Research from the Institute of Leadership and Management has found a third of new starters plan to leave their job in the first 12 months. According to their findings around a third (30 per cent) of new starters plan to leave their job within first 12 months while more than half (58 per cent) don’t anticipate being at the company after three years. Moreover, manager attitudes reflect this, with 53 per cent expecting the majority of new recruits leaving after three years. The Institute of Leadership & Management is warning of short-termism in the workplace with 19 per cent of new recruits actively looking for a new role, and 11 per cent planning to leave their job in the first 12 months.
The findings based emerged from a survey conducted by YouGov on behalf of the Institute of Leadership and Management looking at how managers can retain their new recruits. The report from the Institute of Leadership and Management, ‘Beyond the honeymoon: Keeping new employees away from the exits’, reveals that, despite 73 per cent of new starters feeling “delighted” with their new jobs, it does not guarantee a long-lasting career at their new organisation.
The situation is a large blow to business leaders, for whom losing and hiring a member of staff can cost in excess of £30,000, according to Oxford Economics. Kate Cooper, head of research, Policy and Standards, Institute of Leadership & Management said: “Our research has shown that employers and their new starters are, on the whole, benefiting from what is being seen as a honeymoon period, where delight with the job is very high. The way to retain this new talent is to maintain that feeling of delight and ensure steps are in place so neither one of you lose that loving feeling.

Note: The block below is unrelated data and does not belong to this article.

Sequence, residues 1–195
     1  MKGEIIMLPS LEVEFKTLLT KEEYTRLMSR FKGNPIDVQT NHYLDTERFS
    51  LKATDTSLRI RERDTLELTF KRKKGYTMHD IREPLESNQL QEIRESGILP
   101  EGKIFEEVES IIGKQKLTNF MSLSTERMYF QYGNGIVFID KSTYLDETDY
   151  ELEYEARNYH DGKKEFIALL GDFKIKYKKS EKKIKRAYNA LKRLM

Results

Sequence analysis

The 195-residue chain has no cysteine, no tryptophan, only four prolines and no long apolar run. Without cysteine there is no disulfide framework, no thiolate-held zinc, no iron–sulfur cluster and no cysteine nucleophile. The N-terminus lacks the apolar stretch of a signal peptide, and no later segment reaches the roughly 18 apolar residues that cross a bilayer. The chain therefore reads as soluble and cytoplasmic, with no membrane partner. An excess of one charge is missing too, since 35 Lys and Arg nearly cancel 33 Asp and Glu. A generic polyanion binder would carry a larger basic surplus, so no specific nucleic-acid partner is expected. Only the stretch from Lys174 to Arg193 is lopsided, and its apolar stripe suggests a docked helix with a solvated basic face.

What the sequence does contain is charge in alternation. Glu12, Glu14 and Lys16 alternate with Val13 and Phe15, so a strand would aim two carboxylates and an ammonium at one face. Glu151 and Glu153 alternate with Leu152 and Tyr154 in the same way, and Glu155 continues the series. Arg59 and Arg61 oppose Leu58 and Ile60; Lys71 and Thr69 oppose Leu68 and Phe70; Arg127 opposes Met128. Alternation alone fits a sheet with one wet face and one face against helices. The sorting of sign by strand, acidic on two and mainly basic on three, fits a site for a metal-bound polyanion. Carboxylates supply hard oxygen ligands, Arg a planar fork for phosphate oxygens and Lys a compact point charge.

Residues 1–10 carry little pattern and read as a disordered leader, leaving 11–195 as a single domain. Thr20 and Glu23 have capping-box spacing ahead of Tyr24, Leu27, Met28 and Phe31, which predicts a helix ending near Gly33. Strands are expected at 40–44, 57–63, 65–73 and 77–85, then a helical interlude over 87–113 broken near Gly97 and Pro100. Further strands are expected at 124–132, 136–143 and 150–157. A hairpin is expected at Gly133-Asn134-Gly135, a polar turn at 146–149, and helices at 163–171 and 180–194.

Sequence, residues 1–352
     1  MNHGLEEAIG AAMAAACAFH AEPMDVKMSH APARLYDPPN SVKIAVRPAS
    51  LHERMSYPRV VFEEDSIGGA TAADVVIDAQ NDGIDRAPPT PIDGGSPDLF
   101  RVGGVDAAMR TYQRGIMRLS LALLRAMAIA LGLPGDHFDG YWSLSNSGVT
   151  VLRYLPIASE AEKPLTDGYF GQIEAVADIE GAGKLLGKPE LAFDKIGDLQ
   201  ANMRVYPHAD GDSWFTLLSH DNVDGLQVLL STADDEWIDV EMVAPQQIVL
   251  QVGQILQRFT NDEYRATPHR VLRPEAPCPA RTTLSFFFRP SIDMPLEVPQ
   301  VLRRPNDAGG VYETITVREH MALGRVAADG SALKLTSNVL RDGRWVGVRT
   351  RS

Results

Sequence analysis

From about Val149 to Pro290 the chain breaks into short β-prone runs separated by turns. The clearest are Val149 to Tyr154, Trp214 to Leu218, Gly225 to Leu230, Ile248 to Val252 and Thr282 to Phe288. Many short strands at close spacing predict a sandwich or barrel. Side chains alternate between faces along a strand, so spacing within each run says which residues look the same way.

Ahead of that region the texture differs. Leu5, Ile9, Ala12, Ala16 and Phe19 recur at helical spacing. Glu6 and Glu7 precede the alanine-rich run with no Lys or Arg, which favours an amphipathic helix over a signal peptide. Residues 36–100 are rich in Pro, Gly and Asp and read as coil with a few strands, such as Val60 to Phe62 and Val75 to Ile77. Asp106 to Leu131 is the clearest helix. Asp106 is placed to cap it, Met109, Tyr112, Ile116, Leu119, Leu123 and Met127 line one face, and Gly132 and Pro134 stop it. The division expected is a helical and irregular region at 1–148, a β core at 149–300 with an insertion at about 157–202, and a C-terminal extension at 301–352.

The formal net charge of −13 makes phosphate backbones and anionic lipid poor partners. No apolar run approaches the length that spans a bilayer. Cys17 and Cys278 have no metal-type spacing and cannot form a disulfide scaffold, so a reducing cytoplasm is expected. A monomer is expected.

“The research has identified factors to help tackle the issue of short-termism in the workplace. These include new starters needing to feel a sense of immediate productivity and skill utilisation, and having accessible line managers. As well as, having their expectations matched by actual experience once in post.
“This investment in new staff will yield a return when business leaders appreciate how early that intent to leave may develop. Essentially the advice is, once you’ve got them, don’t let them leave.”
The Institute of Leadership & Management’s research also reveals how significant the formal allocation of a buddy or mentor to new recruits can be. The study has shown that it does not seem to be accepted as standard practice; with over half of new recruiters revealing they were not allocated a buddy (54 per cent) or a mentor (52 per cent). Younger recruits, however, were more like to be allocated a mentor with 50 per cent of 19-24s years olds saying they had one.